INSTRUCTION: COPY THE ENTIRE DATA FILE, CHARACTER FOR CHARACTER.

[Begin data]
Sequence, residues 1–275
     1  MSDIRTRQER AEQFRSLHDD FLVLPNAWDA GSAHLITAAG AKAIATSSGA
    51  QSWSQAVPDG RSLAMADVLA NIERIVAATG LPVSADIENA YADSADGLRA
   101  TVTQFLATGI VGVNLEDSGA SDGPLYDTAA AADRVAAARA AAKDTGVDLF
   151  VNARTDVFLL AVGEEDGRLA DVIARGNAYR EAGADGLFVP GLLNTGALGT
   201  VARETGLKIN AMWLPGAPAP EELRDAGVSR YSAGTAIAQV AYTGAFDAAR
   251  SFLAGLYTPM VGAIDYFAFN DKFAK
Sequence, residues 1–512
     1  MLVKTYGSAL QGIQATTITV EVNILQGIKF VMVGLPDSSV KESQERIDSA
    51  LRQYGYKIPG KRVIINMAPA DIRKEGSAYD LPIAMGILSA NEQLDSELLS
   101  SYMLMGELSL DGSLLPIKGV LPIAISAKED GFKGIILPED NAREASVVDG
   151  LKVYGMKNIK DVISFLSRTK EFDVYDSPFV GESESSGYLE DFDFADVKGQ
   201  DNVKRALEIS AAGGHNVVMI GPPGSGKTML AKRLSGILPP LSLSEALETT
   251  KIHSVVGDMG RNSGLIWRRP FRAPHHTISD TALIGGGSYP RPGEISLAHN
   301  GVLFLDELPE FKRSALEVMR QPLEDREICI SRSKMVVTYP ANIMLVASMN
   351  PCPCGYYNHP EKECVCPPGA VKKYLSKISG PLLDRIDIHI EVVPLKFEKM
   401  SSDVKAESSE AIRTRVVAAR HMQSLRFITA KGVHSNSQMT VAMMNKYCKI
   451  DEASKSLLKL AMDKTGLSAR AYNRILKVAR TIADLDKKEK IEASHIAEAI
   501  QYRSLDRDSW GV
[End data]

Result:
Sequence, residues 1–275
     1  MSDIRTRQER AEQFRSLHDD FLVLPNAWDA GSAHLITAAG AKAIATSSGA
    51  QSWSQAVPDG RSLAMADVLA NIERIVAATG LPVSADIENA YADSADGLRA
   101  TVTQFLATGI VGVNLEDSGA SDGPLYDTAA AADRVAAARA AAKDTGVDLF
   151  VNARTDVFLL AVGEEDGRLA DVIARGNAYR EAGADGLFVP GLLNTGALGT
   201  VARETGLKIN AMWLPGAPAP EELRDAGVSR YSAGTAIAQV AYTGAFDAAR
   251  SFLAGLYTPM VGAIDYFAFN DKFAK
Sequence, residues 1–512
     1  MLVKTYGSAL QGIQATTITV EVNILQGIKF VMVGLPDSSV KESQERIDSA
    51  LRQYGYKIPG KRVIINMAPA DIRKEGSAYD LPIAMGILSA NEQLDSELLS
   101  SYMLMGELSL DGSLLPIKGV LPIAISAKED GFKGIILPED NAREASVVDG
   151  LKVYGMKNIK DVISFLSRTK EFDVYDSPFV GESESSGYLE DFDFADVKGQ
   201  DNVKRALEIS AAGGHNVVMI GPPGSGKTML AKRLSGILPP LSLSEALETT
   251  KIHSVVGDMG RNSGLIWRRP FRAPHHTISD TALIGGGSYP RPGEISLAHN
   301  GVLFLDELPE FKRSALEVMR QPLEDREICI SRSKMVVTYP ANIMLVASMN
   351  PCPCGYYNHP EKECVCPPGA VKKYLSKISG PLLDRIDIHI EVVPLKFEKM
   401  SSDVKAESSE AIRTRVVAAR HMQSLRFITA KGVHSNSQMT VAMMNKYCKI
   451  DEASKSLLKL AMDKTGLSAR AYNRILKVAR TIADLDKKEK IEASHIAEAI
   501  QYRSLDRDSW GV